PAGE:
If you’re a small business owner looking to take on your first employee, congratulations! This is a significant step in growing your business and demonstrates that you have successfully run your startup.
Before hiring an employee, you must understand the associated laws and regulations, such as workplace health and safety, registering as an employer, and the necessary business insurance policies.
As mentioned in The Employers' Liability (Compulsory Insurance) Act 1969, Employers’ Liability Insurance is designed to cover the costs if an employee claims compensation for illness or injury that they believe has been caused by their work.
This article answers some important questions related to Employers’ Liability Insurance, a policy you’re legally required to have as soon as you become an employer.
Why do I need Employers’ Liability Insurance?
Employer’s liability insurance covers the compensation paid to an employee who successfully brings a personal injury claim following a work-related injury. These can include accidents at work or becoming unwell due to an industrial disease.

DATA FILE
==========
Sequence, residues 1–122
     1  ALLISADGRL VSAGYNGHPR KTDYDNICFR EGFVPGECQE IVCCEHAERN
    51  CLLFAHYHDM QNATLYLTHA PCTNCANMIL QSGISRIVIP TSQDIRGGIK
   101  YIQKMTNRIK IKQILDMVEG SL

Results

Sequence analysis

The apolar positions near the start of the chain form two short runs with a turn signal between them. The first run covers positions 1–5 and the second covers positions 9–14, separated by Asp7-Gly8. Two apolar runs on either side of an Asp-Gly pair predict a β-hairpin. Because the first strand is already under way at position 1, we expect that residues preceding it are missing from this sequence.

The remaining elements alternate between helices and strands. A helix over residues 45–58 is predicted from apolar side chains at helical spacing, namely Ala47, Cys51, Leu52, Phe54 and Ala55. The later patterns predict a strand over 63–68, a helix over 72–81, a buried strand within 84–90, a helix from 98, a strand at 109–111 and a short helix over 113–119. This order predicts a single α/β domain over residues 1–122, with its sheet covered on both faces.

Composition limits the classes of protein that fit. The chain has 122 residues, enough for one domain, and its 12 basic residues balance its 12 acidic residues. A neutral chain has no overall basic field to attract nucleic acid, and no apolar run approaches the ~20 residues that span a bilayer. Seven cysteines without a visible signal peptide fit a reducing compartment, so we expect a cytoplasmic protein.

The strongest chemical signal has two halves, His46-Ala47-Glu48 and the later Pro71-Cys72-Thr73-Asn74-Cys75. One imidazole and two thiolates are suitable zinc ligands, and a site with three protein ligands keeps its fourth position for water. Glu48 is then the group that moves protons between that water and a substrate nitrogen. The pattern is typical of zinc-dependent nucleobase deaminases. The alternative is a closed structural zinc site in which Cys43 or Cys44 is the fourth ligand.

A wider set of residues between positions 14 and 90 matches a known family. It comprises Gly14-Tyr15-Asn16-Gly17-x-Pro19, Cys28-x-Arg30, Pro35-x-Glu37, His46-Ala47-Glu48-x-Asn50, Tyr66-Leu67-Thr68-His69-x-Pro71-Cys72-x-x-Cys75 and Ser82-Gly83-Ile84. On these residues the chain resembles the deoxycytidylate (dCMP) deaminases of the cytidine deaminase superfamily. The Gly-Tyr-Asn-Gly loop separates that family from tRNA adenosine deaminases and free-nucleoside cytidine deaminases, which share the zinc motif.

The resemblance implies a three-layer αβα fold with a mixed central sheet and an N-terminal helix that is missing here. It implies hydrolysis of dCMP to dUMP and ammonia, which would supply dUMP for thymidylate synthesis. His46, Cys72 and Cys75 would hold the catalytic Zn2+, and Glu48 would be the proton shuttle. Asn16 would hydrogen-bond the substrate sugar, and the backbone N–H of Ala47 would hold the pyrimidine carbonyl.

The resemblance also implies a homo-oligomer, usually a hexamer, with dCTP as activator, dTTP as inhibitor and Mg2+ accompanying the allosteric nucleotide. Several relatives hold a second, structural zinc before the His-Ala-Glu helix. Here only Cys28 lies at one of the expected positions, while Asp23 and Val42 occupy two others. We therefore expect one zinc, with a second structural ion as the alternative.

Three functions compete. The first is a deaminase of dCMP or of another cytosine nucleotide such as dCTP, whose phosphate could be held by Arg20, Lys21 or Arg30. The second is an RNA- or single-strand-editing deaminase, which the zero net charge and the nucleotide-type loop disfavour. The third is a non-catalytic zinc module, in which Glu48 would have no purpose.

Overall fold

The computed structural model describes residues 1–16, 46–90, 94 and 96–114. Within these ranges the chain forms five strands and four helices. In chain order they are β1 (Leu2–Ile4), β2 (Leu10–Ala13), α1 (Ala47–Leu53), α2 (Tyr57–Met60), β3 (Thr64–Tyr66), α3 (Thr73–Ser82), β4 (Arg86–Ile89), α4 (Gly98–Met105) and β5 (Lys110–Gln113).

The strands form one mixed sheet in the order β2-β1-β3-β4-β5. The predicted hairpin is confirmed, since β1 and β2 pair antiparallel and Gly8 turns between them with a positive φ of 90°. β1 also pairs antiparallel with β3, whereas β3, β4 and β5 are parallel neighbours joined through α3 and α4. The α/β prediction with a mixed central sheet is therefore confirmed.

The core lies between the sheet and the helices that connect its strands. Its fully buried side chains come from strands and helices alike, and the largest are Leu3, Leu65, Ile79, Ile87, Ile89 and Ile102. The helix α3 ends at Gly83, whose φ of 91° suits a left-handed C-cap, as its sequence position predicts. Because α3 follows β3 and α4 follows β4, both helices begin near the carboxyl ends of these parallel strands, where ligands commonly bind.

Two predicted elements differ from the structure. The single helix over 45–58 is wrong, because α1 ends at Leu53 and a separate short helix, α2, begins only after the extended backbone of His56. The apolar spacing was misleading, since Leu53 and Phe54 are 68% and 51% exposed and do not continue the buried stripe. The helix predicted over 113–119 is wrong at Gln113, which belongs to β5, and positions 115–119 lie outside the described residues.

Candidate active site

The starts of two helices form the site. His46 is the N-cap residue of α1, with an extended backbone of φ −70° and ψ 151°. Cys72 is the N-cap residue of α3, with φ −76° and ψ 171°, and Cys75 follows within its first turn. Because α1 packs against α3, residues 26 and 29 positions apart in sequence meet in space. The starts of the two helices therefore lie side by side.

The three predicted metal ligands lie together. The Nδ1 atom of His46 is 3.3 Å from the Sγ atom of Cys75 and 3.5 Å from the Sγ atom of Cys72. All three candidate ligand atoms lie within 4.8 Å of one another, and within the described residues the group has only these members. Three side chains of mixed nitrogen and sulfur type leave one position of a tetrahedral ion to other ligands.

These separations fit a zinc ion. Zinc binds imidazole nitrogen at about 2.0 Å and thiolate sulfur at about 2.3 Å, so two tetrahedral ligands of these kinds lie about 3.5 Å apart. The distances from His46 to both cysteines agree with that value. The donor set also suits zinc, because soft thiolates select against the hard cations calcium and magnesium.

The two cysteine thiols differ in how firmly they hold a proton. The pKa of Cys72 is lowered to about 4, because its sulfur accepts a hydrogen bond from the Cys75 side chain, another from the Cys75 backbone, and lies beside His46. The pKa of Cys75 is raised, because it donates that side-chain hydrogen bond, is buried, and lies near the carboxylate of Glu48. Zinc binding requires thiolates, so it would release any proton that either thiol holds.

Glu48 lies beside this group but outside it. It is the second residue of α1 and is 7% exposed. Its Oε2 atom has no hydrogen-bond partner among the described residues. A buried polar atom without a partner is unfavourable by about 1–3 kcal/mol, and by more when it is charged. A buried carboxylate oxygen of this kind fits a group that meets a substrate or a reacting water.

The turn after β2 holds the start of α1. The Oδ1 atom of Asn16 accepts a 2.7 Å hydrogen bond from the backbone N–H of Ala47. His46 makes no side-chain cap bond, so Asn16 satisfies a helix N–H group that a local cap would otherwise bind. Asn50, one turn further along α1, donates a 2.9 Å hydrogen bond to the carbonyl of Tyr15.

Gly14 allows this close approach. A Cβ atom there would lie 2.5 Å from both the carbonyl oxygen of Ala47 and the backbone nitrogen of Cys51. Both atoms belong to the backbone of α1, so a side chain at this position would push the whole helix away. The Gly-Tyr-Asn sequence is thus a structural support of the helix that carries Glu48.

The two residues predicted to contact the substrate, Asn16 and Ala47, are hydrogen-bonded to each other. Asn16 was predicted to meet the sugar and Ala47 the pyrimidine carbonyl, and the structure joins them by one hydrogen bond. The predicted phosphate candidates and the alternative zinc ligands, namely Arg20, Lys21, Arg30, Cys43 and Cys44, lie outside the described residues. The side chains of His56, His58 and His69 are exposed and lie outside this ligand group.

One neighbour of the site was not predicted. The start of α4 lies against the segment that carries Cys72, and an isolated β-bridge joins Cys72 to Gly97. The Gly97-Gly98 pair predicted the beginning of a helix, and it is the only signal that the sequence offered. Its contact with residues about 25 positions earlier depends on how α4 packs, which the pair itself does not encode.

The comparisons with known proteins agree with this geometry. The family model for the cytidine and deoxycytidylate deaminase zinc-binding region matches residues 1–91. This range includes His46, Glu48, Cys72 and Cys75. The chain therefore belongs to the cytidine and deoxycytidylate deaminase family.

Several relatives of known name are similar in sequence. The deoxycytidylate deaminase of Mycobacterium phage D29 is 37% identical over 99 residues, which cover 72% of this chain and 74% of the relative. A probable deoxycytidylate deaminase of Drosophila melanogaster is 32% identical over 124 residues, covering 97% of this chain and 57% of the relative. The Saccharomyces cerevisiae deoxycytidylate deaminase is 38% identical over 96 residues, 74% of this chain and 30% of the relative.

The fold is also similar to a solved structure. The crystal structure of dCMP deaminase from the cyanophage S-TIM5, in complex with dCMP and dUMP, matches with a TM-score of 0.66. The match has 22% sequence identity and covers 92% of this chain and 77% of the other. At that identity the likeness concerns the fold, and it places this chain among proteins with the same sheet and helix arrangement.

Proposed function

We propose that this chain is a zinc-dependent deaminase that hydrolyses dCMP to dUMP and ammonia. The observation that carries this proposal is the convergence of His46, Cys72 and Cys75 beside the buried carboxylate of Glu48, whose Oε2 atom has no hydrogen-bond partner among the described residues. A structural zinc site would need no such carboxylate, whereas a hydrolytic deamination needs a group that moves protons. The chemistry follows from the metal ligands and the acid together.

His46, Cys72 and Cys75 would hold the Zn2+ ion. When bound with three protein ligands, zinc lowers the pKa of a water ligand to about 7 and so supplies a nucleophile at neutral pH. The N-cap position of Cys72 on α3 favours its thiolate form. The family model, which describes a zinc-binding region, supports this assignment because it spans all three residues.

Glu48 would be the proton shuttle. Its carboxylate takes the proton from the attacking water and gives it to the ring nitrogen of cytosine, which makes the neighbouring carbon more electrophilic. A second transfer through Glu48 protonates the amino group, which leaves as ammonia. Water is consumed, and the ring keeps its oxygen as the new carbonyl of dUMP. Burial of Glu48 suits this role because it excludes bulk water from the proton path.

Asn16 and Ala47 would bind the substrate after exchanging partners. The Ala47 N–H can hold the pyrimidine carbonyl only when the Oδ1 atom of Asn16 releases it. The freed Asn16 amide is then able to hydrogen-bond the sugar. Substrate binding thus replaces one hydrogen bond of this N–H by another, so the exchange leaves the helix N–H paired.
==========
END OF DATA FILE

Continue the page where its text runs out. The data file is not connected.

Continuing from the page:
The policy you take out must come from an authorised insurer and amount to a minimum of £5 million.
What does the Employers’ Liability Insurance cover?
Accidents can still happen regardless of how strict you’re about your health and safety compliance. Employers’ Liability Insurance will protect you if your employee suffers a workplace injury and you’re found liable for negligence in a personal injury claim.
If an employee is successful in a compensation claim, your Employer Liability Insurance will cover up to the amount you’re insured. Most businesses are required to have a minimum of £5 million cover. However, you can insure your organisation for more to cover things such as:
- Medical fees
- Legal costs (for both you and the claimant)
- Loss of income
- Any other damages awarded by the court
Depending on your policy, you’ll be covered against legal claims brought by:
- Full-time and part-time employees
- Self-employed contractors you hire
- Temporary staff
- Apprentices and volunteers
- Work experience placements